Is the NADCO Legislative Process Representative of the Citizen?


Attention now shifts to the Parliament of Kenya to either reject or approve nine Bills meant to enforce the report of the National Dialogue Committee (NADCO) that was adopted by the August House on 22nd February 2024. This follows the conclusion of the business of NADCO that was last year established to facilitate bipartisan dialogue and consensus building, recommend appropriate constitutional, legal and policy reforms on issues of concern to the people of Kenya focused on five key areas. 

The five areas included outstanding Constitutional matters, Electoral justice and related matters, Entrenching funds into the Constitution, Establishment and entrenchment of State offices and fidelity to Political Parties/Coalitions and the law of multiparty democracy. 

The nine legislative proposals allude to significant steps towards constitutional reforms. Amidst the looming flurry of legislative activity as outlined in the 2024 legislative calendar, lies cruicial questions, one in particular as to whether the voices and needs of the citizens are being adequately considered in the proposed amendments. 

Through a communication by the Speaker of the National Assembly, Moses Wetang’ula, the National Assembly will consider and prioritize the Constitution of Kenya (Amendment) Bill 2023, the Independent Electoral and Boundaries Commission (Amendment) Bill 2024, the Ethics and Anti-Corruption Commission (Amendment) Bill 2024, the Leader of Opposition Bill 2024 and the National Government Coordination (Amendment) Bill 2024. Their counterparts in the Senate will be expected to consider the Elections Offences (Amendment) Bill 2024, Election (Amendment) Bill 2024, Statutory Instruments (Amendment) Bill 2024 and the Political Parties (Amendment) Bill 2024. 

The Constitution of Kenya (Amendment) Bill 2023 is being fronted to anchor various offices i.e Office of the Prime Minister, Office of the Leader of Opposition and two deputies and create and anchor the Senate Oversight Fund, the Natinoal Government Affirmative Action Fund (NGAAF) and the National Constituency Development Fund in the Constitution. Additionally, the amendment Bill proposes an extension of the term of the Senate from five to seven years. 

The IEBC (Amendment) Bill proposes to change the IEBC selection panel and provides procedure for the delimitation of electoral boundaries. 

While the proposals rightfully seek to address very pertinent issues that have riddled Kenya’s political history, it is a tad bit worrisome that the committee has not proposed definitive interventions to address Kenyans’ pressing needs. The burden of the high cost of living gets heavier by the day through new Acts of law and policy shift that ironically are passed by the same Parliament.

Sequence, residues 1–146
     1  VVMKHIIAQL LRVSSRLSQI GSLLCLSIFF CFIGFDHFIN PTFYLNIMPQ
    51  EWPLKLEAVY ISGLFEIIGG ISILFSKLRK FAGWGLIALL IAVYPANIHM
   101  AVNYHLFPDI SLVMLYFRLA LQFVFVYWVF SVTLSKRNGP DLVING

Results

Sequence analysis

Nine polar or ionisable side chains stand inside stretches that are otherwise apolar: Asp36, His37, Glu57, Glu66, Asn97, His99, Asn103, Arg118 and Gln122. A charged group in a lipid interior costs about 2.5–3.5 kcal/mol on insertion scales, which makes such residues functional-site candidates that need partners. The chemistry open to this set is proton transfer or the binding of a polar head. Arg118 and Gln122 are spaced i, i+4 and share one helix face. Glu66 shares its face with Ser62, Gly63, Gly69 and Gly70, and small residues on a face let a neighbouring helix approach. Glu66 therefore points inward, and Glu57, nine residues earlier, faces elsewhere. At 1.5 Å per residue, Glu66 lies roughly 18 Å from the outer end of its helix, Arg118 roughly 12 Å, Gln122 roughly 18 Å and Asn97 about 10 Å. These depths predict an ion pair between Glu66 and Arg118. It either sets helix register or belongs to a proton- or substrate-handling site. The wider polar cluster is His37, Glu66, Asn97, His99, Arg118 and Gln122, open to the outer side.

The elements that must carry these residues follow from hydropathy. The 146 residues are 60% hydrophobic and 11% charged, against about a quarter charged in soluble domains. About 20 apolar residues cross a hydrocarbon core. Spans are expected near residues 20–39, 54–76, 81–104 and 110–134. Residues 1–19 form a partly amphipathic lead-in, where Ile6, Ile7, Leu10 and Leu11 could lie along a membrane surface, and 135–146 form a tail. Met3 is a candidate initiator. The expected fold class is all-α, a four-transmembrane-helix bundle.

The essence of democracy lies in representation and inclusion of all voices and these voices gain audience through representatives sitting in Parliament. Across the political divide, there was a promise to relieve the populace off the high cost of living that stands between them and a quality life. However, the report doesn’t seem to offer much relief and exposes double speak on the side of Parliamentarians. 

The report proposes to cut travel budgets by 50 percent but in the same breadth puts its primary focus on the establishment of new offices, which will ultimately burden the taxpayer. Does it really reflect the public plight? 

Again, it’s only recently that Parliament approved the Affordable Housing Bill that has since been signed into law, evidence of a great disconnect between public and political intetests. The import of the Act is the re-introduction of a housing levy that was initially opposed by a majority of Kenyans and ultimately ruled unconstitutional when introduced through the Finance Act 2023. 

While the Bills have now been handed over to the joint committees of Justice and Legal Affairs and a public participation process is expected to be conducted on them respectively, Parliament will have a duty to also pronounce itself on the steps being taken to alleviate the tax burden on the citizen while taking cognizance of the underlying issues of corruption and poor service delivery.

Procedurally, the NADCO Bills have a forty-five day window after publication and gazettement to mature. It is, therefore, crucial for lawmakers to save-face and reevaluate priorities by ensuring that such legislative efforts genuinely serve the welfare of the people. These Bills hold the potential to shape the future of Kenya, beyond the governance structure, and it is imperative that they reflect the greater aspirations and needs of Citizens

Posted by Loise Mwakamba on March 27, 2024

Categories:  National Dialogue Committee Report   NADCO   representation



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